“Too often, the SF housing crisis is used to attack progressives from the right, in the service of free market solutions – even though, as the historical evidence makes clear, this crisis was not their fault. Progressives have spent the last two decades fighting to make SF more progressive. Had they been listened to, perhaps SF might still be affordable today.”

He concludes by saying:

“Ultimately SF is at the leading edge of a problem that is now facing all US cities. Urban America has become expensive. As we live in an era of increasing inequality, and in a time where macroeconomic policies favor investments that benefit the rich over those that benefit the poor or the middle, no market solution alone can solve the problem.”

Thank you Robert Cruickshank. That again debunks the Metcalf argument.

But finally came the kicker from William Fulton, who is considered by many to be California’s guru of city/urban planning. Fulton is the author of Guide to California Planning (now in its 4th edition), publisher of the California Planning & Development Report, former Mayor of Ventura and former vice president of Smart Growth America.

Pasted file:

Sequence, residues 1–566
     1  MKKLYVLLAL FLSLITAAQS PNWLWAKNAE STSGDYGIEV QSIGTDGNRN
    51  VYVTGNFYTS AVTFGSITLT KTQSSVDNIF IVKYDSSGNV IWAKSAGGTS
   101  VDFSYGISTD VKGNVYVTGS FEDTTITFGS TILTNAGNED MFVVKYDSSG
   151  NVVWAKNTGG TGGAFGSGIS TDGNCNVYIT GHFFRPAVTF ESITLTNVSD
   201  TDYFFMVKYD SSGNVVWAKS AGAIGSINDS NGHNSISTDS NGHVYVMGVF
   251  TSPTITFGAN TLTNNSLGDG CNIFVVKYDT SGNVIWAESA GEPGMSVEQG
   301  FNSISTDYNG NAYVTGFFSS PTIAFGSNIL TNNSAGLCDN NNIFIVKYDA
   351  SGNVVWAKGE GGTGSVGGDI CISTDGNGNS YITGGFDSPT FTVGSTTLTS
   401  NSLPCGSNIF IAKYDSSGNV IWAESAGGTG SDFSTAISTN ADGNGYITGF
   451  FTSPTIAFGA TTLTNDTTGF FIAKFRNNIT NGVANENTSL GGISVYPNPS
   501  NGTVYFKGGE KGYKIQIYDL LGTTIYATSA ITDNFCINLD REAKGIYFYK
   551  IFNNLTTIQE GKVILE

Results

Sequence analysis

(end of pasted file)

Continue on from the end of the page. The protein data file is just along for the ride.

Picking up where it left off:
Fulton can fairly be described as a traditional politically centrist planner, not a radical or even a “progressive” as we think of thought-shapers in a San Francisco context. But this article is very insightful. Fulton clearly debunks the simplistic argument that increasing market rate housing supply will stabilize housing prices or even make housing prices overall more affordable.

The most salient excerpts:

“The problem is that under some market conditions, more supply doesn’t lead to market equilibrium because it actually creates its own demand… Santa Barbara has housing prices that are not supported by the underlying dynamics of the local economy, for one very simple reason: The uber-rich from around the world drive up home prices by paying premium prices, often for houses they don’t actually occupy very often. This throws the supply-demand equation out of whack; if you build more houses, the result might just be more uber-rich folks from out of town showing up to buy them, and that doesn’t help ordinary folks”

“That’s happening because the interplay between supply and demand is more nuanced than traditional economics would suggest, and because the interplay between the market and politics isn’t always rational.”